Tuesday, January 21, 2014

Dance to Learn Kick-Off

Dance to Learn is a multifaceted dance education program supported by the Ordway and the Perpich Center for the Arts Education's Professional Development and Research work in arts education partnerships. The program is guided by a design team that includes the following program components: 
  • Classroom residency work in dance
  • Guided student reflection structured through the Artful Tools
  • Professional development with educators

Last week, Dance to Learn kicked off with two independent dance performances created by dance artists, Leah Nelson and Karla Nweje

Karla Nweje leads Dance to Learn                                                    Photo by Jenea Rewertz-Targui

Leah Nelson discusses Dance to Learn                                                 Photo by Jenea Rewertz-Targui

Leah Nelson discusses Dance to Learn                                                 Photo by Jenea Rewertz-Targui

Karla Nweje discusses Dance to Learn                                                 Photo by Jenea Rewertz-Targui

To learn more about Dance to Learn, visit Dance to Learn Program.

Wednesday, January 15, 2014

African American Art History Workshops

Taking Our Place Centerstage (TOPC): The African Diaspora in Harmony

The Ordway's mission includes working outside of Ordway's walls. Our artistic and education programs create opportunities for artists to interact with community organization that support young people and more. 

Join our partners in the community while extending your knowledge and learning more about the African Diaspora through African American Art History Workshops. Details below!



John Biggers Seed Project
African American
Art History Workshops
January through March 2014

All events are free and open to the public at the University of Minnesota Urban Research and Outreach-Engagement  Center (UROC)
2001 Plymouth Ave N, Minneapolis, MN 55411

February 1
Presenter: Suzanne Roberts

9:00 a.m.-10:30 a.m. Artists of the 18th and 19th Century
Explores the very beginnings of African American art in America., Including art during slavery, the first professional artists during the antebellum period and the post emancipation period into the 20th century.

10:30 a.m.-12 noon Art of the Harlem Renaissance and WPA Period (1920's-1930's)
Examines the lives and the work of the "New Negro" artists both in Harlem and across the rest of the country and the impact of the Works Progress Administration on the development of African American artists.

February 8
Presenter: Suzanne Roberts

9:00 a.m.-10:30 a.m. Photography
Examines the impact of the medium on African American Art and culture.  Follows Jules Lion as he attends the beginning of the world introduction to photography with the demonstration of Daguerreotypes in Paris in the summer of 1839 and his exhibition in the fall of that year; J.P. nationally famous studio in Cincinnati; to the Harlem Renaissance with James Vander Zee and others; and contemporary photographers such as Dawoud Bey, Lorna Simpson and Carrie Mae Weems.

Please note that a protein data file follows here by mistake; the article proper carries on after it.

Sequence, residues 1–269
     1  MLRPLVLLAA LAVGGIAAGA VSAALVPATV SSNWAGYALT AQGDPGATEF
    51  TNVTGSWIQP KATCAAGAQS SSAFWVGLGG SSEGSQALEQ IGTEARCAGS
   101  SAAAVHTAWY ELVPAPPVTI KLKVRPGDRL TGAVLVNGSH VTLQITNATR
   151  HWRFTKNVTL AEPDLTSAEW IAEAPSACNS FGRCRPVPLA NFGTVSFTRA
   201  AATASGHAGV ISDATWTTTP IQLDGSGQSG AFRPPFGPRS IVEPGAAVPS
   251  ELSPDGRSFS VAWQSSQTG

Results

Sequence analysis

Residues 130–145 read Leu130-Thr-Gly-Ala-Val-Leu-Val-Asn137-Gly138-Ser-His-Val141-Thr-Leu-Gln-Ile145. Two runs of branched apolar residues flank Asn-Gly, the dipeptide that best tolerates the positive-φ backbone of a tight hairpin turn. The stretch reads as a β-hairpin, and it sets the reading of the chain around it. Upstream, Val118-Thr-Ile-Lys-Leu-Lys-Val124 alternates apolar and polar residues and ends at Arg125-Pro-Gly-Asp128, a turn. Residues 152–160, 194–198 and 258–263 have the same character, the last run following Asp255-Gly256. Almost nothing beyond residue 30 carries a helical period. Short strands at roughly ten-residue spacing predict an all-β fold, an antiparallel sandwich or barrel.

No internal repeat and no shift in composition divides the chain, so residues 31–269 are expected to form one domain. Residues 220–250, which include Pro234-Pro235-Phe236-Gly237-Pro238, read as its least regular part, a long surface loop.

10:30 a.m.-12 noon Quilting and the Quilters
Traces the evolution of quilting from art created for utilitarian purposes to the fine art of today and examines works from Harriet Powers to Gees Bend to Faith Ringgold and the impact of other artists like John Biggers.

February 22
Presenter: Suzanne Roberts

9:00 a.m.-10:30 a.m. Black Artists at Mid-Century (1940's-1960's)
Follows the explosion of the numbers of artists working as professionals, the variety of artistic styles of expression and the struggle for recognition and opportunities to have their work viewed publically.

10:30 a.m.-12 noon The Black Art Movement (BAM 1960's-1970's)
Examines art created as the aesthetic and spiritual sister of the Black Power Movement, the only art movement created by and for Black people.  Visual artists believed that a "change in vision" in the perception of African American identity could bring about pride and self- determination.  They also called for a reordering of the western cultural aesthetic.  Work of these artists served as precursors to post-modernism.

March 1
Presenter: Suzanne Roberts

9:00 a.m.-10:30 a.m. Contemporary Art (1980's-Present)
Explores post-modernism and the new cultural relativity and inquiries of art and society through art. Interrogation of black identity, issues of gender and language became a central part of art. This was first time the work of many African Americans was considered by mainstream art historians.

10:30 a.m.-12 noon History of Black Artists in Minnesota (1860's-1970's)
Traces the lives of artists, the art and the legacy of work produced by artists that spent time in or lived in Minnesota.

The John Biggers Seed Project (Seed) is a public art and collaborative design effort that engages renowned African American artists in mentoring young emerging artists in placemaking by educating them about African American art and community history, providing career development and transferable skills, and creating a sense of place that speaks to the culture of North Minneapolis.

Seed is inspired by the Celebration of Life mural, an acclaimed public artwork led by John Biggers, a major African American artist of the twentieth century, which began the careers of young artists and organizations (including Obsidian Arts and Juxtaposition Arts), planting artistic “seeds” on the North Side.
Suzanne Roberts is an art historian, lecturer and independent scholar specializing in the art and lives of African Americans artists.  She has curated and co-curated exhibitions such as Protest! at Intermedia Arts, Afro-Futurism for Obsidian Arts at the Soap Factory and Exploding Language in North Minneapolis. She has taught classes and lectured for various arts organizations including the Minneapolis Institute of Art. She currently is the art historian for Obsidian Arts.